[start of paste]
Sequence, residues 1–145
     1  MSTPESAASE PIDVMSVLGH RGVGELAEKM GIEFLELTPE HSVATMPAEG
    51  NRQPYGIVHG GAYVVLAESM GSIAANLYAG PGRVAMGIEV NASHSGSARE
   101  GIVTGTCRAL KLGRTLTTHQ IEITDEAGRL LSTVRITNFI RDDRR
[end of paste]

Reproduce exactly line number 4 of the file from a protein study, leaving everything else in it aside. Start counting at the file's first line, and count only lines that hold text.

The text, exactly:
   101  GIVTGTCRAL KLGRTLTTHQ IEITDEAGRL LSTVRITNFI RDDRR